• I've seen this over and over again: people love it if you step up their experience. No one turns down an upgrade to business class in a plane.

  • My favorite computer of all time? The Apple II that got me started, of course.

  • Things that are interesting, people will pass around the Internet, around the world. And the blogosphere is only the tip of the iceberg.

  • Never change the URL of your blog. I've done it once, and I lost much of my readership. It took several months to build up the same reader patterns and trust.

  • We are moving into a world where companies will be able to offer us products and services based on our last two hours of activity. This is both exciting and frightening at the same time.

  • Use photos and videos often. The best startups post lots of imagery and videos. The worst ones? Text only.

  • Oh, some day I'll tell you about why I wrote more than 1,500 Gmail filters. They throw away more than 300 emails every day. Every day. It's the best thing I ever did for my productivity.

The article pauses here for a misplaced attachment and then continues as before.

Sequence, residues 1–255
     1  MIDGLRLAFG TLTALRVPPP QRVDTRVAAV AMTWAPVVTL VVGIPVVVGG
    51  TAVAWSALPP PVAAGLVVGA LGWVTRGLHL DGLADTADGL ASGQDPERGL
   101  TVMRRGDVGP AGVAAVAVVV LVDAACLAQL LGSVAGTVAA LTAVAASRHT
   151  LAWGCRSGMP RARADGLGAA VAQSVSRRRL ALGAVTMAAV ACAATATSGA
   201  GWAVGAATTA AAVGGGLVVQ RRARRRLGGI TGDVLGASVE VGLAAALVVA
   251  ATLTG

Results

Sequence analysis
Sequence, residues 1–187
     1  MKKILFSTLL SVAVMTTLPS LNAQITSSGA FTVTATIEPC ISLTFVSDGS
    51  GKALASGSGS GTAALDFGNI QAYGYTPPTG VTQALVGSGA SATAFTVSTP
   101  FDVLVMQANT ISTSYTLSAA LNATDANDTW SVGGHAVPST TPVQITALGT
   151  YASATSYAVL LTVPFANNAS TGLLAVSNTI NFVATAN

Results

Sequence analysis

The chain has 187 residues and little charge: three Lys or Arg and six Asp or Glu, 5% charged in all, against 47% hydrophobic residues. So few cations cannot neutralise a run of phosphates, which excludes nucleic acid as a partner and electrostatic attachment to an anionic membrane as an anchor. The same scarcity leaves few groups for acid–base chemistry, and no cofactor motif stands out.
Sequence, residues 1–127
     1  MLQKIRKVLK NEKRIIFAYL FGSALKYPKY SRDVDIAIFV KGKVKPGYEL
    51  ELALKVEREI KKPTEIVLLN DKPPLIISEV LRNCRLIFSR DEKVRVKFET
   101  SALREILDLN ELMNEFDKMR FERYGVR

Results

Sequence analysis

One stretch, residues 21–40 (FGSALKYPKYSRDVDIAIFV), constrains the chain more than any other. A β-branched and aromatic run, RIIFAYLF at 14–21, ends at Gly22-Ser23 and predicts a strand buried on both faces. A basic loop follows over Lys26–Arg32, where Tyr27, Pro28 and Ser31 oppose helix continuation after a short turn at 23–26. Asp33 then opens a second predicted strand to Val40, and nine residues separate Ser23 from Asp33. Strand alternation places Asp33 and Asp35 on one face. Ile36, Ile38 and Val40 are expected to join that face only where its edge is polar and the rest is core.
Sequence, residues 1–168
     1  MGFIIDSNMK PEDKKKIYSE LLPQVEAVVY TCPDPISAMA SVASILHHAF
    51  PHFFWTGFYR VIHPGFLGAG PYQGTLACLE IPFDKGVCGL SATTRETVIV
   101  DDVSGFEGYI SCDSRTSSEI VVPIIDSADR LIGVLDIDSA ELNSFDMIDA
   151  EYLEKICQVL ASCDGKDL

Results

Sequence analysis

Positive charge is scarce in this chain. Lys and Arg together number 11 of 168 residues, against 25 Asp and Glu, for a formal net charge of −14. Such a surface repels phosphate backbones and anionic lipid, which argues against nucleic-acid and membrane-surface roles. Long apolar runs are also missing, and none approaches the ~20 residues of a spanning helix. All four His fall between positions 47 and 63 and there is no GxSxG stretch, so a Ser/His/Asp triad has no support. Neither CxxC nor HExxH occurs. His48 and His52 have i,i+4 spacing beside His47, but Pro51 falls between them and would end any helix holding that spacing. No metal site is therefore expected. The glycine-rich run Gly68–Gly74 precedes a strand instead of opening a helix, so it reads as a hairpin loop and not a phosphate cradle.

• Apple knows a lot of data. Facebook knows a lot of data. Amazon knows a lot of data. Microsoft used to, and still does with some people, but in the newer world, Microsoft knows less and less about me. Xbox still knows a lot about people who play games. But those are the big five, I guess.

  • The problem with Flipboard is that it's an app, not the Web, and I keep hoping someone will show me a really well-designed Web app that shows me that the Web can still win.

  • With the advent of wearable technology, companies will soon be able to better provide ads to customers based on their real-time activity.

  • There's smarter people than me. But you cannot have any one guy running 18 billion-dollar businesses. It just doesn't make sense to me. I've met some extraordinary leaders in my time. They struggle with running one billion-dollar business.